Recently I stumbled upon a SharePoint 2010 environment setup a long time ago where the managed accounts and accounts in general were setup a little funny… in particular the issue was that the profile service stopped syncing. I asked the administrator what the issue was and they stated that they’d setup the system to use a managed account for the farm service account and other service application service accounts to automatically change the password in the background. That’s all fine and dandy for the most part, ‘cept that there are caveats with the Farm Account. And low and behold, I checked and sure enough the system’s Farm account was setup now as a Managed Account in our trusty, friendly SharePoint 2010 instance.
Issue – the profile synchronization service runs as this service account. Caveat, profile sync requires that you enter the account information and credentials since you may not necessarily be sync’ing with the Active Directory resource forest that your SharePoint system leverages as its Windows Networking Infrastructure platform.
So how did we attempt to remedy this… not knowing the Farm password, it was updated in Active Directory and then using Set-SPManagedAccount with the -UseExistingPassword argument, the password was properly updated. It was then synchronized across the farm with Repair-SPManagedAccountDeployment.
So SharePoint should now be up and operational with the managed account password updated, but we also have to go and update the synchronization connection with the new password. All should be working and fine, crisis averted, just have to go in Central Admin and make the update there… But, what I thought would be a five minute fix… well, yeah, not so much.
Hello 503 error.
Oddly, after all of the troubleshooting it ended up being the bitness setting for the Application Pool that operates SharePoint was modified to operate in x86 emulation mode. This comes in handy when you need to run two different compilations of a DLL through IIS, but with our native 64 bit SharePoint application, this doesn’t work so well. Why does this happen though? Not certain but it would seem that several folks seem to have this problem when they’ve been running their SharePoint system with managed accounts automatically updating and then reverting back to an “unmanaged mode” so to speak where the metabase becomes corrupt and suddenly the fitness for x86 emulation is set to true.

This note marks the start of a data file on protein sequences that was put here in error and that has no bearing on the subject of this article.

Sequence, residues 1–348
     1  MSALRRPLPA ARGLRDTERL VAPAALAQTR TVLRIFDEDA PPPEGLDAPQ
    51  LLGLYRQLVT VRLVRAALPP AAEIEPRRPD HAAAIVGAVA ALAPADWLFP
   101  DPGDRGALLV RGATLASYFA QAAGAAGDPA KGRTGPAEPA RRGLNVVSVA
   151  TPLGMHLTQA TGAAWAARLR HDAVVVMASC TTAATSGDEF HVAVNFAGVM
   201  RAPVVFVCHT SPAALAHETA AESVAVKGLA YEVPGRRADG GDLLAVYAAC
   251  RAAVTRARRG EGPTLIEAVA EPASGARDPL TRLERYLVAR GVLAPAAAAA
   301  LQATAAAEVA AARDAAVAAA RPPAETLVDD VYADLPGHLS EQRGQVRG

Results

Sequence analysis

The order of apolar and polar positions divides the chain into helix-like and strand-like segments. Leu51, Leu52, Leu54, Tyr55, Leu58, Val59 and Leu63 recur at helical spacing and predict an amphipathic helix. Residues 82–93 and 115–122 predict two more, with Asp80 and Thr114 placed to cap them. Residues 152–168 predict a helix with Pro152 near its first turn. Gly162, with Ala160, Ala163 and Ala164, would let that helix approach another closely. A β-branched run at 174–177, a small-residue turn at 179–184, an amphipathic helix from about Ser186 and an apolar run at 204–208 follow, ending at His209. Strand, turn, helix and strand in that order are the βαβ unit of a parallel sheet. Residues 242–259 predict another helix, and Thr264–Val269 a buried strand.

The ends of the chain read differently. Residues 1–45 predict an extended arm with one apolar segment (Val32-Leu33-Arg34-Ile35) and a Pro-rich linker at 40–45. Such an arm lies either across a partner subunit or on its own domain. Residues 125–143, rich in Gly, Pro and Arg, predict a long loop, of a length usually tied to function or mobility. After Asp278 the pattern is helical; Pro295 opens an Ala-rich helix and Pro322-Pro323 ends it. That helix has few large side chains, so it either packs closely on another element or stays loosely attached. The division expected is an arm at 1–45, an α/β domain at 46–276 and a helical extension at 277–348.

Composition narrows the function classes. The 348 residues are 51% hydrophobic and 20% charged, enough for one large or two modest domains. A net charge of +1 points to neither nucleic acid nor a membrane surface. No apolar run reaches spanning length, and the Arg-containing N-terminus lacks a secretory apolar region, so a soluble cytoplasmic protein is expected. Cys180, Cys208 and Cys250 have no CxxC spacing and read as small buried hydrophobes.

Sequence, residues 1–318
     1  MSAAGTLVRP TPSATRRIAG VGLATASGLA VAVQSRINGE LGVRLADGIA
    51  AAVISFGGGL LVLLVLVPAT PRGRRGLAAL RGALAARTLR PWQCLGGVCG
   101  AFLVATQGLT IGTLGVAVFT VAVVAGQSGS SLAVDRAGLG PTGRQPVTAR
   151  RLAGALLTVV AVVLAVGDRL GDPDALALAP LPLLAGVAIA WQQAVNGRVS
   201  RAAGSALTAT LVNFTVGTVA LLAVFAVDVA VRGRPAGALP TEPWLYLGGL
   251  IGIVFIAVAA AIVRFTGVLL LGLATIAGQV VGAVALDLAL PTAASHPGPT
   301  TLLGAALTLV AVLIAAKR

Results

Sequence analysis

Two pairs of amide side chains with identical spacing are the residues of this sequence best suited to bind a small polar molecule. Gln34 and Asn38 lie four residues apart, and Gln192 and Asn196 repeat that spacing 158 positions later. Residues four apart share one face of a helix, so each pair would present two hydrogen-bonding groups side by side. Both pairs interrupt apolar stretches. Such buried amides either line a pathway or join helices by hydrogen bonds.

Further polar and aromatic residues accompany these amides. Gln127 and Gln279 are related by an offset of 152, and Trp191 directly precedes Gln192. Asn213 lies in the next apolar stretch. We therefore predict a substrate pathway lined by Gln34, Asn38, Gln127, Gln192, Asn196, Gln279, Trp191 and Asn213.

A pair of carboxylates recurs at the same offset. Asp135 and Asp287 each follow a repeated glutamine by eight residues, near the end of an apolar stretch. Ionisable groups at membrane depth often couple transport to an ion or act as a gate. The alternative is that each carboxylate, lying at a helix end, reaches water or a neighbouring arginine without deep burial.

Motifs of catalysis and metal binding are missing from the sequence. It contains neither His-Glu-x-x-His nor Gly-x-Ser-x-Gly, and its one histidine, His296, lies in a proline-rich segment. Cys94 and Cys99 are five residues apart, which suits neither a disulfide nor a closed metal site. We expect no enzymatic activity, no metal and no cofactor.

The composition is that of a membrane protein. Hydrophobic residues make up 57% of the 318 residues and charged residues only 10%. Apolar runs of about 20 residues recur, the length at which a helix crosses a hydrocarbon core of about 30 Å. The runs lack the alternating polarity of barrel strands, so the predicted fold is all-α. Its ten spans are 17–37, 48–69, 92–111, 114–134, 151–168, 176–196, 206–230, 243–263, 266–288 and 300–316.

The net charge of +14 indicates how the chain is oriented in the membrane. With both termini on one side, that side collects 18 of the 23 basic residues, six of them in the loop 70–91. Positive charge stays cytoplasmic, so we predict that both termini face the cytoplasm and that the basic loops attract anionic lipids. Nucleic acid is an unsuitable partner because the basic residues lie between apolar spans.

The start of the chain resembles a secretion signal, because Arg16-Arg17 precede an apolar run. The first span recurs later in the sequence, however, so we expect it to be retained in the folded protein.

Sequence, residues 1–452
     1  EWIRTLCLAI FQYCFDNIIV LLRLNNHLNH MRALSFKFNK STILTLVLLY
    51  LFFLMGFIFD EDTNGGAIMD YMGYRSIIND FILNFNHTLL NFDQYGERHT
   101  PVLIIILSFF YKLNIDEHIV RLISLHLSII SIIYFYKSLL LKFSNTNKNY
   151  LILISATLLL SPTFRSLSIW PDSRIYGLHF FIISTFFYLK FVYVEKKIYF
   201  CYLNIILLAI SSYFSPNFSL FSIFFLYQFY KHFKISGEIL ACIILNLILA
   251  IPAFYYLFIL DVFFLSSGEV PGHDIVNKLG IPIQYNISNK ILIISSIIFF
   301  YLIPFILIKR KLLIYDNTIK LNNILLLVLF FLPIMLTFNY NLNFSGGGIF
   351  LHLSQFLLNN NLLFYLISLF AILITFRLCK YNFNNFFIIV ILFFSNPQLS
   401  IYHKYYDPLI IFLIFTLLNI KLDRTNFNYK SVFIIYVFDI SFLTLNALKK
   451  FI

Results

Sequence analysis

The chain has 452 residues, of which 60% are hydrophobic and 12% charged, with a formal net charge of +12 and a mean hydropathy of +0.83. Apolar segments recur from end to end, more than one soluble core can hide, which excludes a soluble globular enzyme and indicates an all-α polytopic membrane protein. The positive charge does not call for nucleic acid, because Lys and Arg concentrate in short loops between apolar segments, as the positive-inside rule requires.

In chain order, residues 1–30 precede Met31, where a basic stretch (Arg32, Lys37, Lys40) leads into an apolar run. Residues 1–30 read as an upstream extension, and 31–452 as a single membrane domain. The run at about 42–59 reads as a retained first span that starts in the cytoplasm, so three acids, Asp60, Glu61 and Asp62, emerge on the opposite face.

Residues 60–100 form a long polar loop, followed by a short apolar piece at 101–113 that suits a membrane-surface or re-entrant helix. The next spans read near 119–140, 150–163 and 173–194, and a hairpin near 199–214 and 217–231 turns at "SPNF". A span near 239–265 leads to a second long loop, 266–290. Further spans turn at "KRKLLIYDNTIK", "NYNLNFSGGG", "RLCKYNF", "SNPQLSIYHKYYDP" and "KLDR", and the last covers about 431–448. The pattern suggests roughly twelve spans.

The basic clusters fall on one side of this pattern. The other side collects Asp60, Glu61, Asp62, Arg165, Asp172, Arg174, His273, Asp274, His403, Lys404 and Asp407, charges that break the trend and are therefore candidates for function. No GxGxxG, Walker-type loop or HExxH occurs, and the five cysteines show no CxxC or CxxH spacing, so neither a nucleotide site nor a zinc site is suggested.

More on running in both x86 and x64 mode is available here: http://blogs.msdn.com/b/rakkimk/archive/2007/11/03/iis7-running-32-bit-and-64-bit-asp-net-versions-at-the-same-time-on-different-worker-processes.aspx
Please only modify this if you’re running into this problem – definitely make a backup copy before making any changes!!!
So if I want to avert this, I can force the Application Pool to start in 64bit mode by adding a “bitness64” flag… this is done in the ApplicationHost.config located in
Within the Global Modules section of the ApplicationHost.config, you should search for the SharePoint14Module which should look something like this:
<add name=”SharePoint14Module” image=”C:Program FilesCommon FilesMicrosoft SharedWeb Server Extensions14isapiowssvr.dll” preCondition=”appPoolName=SharePoint Central Administration v4″ />
If you want to force your App Pool to always start without x86 emulation… then you’ll want to add the following argument of “bitness64” so that you end up with something like this:
<add name=”SharePoint14Module” image=”C:Program FilesCommon FilesMicrosoft SharedWeb Server Extensions14isapiowssvr.dll” preCondition=”appPoolName=SharePoint Central Administration v4,bitness64″ />
Note you’ll have to do this for each of the Web Applications that are registered – if you choose to make this modification.
And just like that… I start the application pool and all is well. Went and updated the synchronization connection and our UPS started syncing again. Qed.
More on ApplicationHost.config available here: http://learn.iis.net/page.aspx/124/introduction-to-applicationhostconfig/